Articular function is a complex issue. However, for simplification normal joint function needs the articular surfaces to be able to slide or spin freely upon one another through their normal ranges of movement. When this sliding and spinning is restricted joint movement becomes restricted or abnormal. The analysis of this function requires specialised training and an excellent knowledge of biomechanics. Correction is often achieved using specialised correctional techniques. An excellent summary was found at https://www.physio-pedia.com/images/c/c0/Principles_of_Joint_Mobilization.pdf However, it is something that should definitely be left to those with the appropriate qualifications and training.
33 men and 22 women diagnosed with shoulder impingement syndrome
Subjects were randomly assigned either exercise alone or exercise and manual therapy. There were 6 sessions over three weeks.
Exercises were conducted under the supervision of a physical therapist and were described as a standardised strength and flexibility program. There were two passive stretches, plus six strengthening exercises described in the literature as being essential “core exercises” for shoulders.
In trial of medication and simple therapies the intervention is easy to describe and quantify. However, for this trial experienced physiotherapists were basically told to assess the articular function and associated soft tissue issues of not only the glenohumeral joint but other related joints such as those of the cervical and thoracic spine. They were instructed to use their skills in manipulation and soft tissue therapies to correct what they found. This approach is not easy to quantify, but exactly what would happen if one consulted a quality clinician.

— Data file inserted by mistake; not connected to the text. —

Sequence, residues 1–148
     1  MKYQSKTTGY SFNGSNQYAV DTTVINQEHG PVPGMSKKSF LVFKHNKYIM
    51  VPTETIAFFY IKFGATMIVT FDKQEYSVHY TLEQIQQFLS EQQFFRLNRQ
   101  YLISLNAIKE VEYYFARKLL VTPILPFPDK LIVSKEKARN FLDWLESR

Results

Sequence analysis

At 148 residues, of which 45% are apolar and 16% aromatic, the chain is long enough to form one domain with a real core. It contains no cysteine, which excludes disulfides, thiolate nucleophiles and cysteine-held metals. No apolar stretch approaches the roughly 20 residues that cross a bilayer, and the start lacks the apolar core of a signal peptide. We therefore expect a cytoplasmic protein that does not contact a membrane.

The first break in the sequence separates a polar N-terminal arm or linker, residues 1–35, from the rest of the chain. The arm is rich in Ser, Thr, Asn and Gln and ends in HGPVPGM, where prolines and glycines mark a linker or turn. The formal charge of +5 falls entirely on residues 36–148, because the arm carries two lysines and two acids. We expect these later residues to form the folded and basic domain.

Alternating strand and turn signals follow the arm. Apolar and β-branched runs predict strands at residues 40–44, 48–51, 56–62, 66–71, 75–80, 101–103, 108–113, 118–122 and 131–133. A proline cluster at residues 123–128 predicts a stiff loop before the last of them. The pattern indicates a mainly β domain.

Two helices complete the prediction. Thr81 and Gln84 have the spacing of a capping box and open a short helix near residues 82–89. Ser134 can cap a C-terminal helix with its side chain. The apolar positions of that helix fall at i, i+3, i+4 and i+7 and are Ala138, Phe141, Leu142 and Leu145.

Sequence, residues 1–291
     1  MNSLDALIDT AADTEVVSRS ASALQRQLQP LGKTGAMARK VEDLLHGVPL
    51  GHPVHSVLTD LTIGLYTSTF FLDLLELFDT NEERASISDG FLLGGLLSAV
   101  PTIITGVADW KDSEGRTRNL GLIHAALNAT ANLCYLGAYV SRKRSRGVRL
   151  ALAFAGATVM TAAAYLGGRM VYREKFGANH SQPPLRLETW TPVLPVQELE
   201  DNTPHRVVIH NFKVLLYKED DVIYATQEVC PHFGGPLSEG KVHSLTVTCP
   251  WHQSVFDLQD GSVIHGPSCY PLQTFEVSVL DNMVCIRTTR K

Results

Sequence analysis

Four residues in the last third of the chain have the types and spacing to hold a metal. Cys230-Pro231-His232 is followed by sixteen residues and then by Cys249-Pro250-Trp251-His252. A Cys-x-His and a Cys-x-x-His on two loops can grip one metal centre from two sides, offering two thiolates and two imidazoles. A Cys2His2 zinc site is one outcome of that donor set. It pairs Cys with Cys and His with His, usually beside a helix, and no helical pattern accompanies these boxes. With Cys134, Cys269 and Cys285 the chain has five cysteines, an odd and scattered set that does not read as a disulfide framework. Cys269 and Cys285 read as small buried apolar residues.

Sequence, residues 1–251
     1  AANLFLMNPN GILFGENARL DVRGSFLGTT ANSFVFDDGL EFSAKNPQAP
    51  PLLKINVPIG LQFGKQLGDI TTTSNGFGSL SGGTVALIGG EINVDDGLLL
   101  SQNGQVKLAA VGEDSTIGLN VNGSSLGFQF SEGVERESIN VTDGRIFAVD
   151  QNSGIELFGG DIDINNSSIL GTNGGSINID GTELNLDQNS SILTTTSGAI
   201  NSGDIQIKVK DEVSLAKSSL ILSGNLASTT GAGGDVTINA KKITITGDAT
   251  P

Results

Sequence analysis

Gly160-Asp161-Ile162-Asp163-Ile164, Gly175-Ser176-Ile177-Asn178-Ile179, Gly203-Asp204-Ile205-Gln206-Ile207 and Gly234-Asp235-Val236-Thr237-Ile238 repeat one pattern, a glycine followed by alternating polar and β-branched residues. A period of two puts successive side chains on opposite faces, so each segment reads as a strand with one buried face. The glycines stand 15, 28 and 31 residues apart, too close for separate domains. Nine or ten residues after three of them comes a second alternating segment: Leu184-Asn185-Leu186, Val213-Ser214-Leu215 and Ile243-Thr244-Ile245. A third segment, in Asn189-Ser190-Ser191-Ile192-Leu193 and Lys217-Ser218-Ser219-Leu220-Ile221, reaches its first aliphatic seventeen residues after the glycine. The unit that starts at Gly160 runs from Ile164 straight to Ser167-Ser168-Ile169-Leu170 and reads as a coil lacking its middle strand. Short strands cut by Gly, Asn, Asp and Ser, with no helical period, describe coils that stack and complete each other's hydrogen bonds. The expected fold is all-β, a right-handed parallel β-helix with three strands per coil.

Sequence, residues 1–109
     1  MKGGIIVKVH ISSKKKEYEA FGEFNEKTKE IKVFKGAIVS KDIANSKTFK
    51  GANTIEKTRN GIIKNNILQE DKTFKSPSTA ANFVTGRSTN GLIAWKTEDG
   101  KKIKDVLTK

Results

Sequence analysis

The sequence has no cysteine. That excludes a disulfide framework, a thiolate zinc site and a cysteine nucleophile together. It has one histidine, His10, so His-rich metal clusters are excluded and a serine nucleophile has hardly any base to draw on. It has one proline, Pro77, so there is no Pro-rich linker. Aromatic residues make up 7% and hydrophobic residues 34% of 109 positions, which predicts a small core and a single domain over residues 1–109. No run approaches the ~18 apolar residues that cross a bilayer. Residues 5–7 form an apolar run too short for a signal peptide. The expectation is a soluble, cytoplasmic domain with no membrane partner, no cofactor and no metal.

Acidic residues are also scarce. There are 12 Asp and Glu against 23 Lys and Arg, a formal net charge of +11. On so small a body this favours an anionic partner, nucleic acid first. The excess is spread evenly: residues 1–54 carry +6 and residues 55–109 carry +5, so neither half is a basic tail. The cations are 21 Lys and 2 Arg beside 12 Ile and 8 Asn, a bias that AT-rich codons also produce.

What was measured
Levels of pain were measured using visual analogue scales. Functional assessment was done using questionnaires covering a variety of general and specific activities.
The results as measured by pain and function were clearly much superior for the group that received the manual therapy in addition to the exercises. It is best described by the following conclusion given by the authors.
Manual therapy combined with supervised shoulder exercise is superior to supervised shoulder exercise alone for enhancing strength and function and reducing pain in patients with shoulder impingement syndrome. Our study also provides evidence that effective outcomes are obtainable after a relatively few physical therapy visits. It is important to recognise the functional interdependence of joints and soft tissues in the upper quarter when treating dysfunction of the shoulder.
We googled “exercises for shoulder pain” and found a huge number of listings of professionals, clinics and even a national professional body advising generic exercises for shoulder pain. The following findings from this research and others previously summarised raise questions about this approach and point to a different approach.
- The common diagnosis of shoulder pain is “impingement syndromes”. However, a very high prevalence of trigger points was found in those suffering shoulder pain. Treatment of trigger points produced a corresponding reduction in pain. The treatment of trigger points requires a lage number of applications of therapy over time. See summary
- Trigger points that are highly prevalent even in the shoulders of asymptomatic people alter muscle activation patterns causing dysfunction. The treatment of trigger points remedies this. See Summary
- Abnormal muscle activation patterns that cause dysfunction are not corrected by exercises See summary
- Far superior results were obtained when addressing articular function and soft tissue issues with manual therapy in addition to a course of exercises. This summary
As the author states, it is important to consider the function. Far better results were obtained combining their manual therapy. Most likely results would be better still if trigger points were specifically addressed as well.
ReferenceBang M Deyle G Comparison of supervised exercise with and without manual physical therapy for patients with shoulder impingement syndrome J Orthop Sports Phys Ther. 2000 Mar;30(3):126-37.
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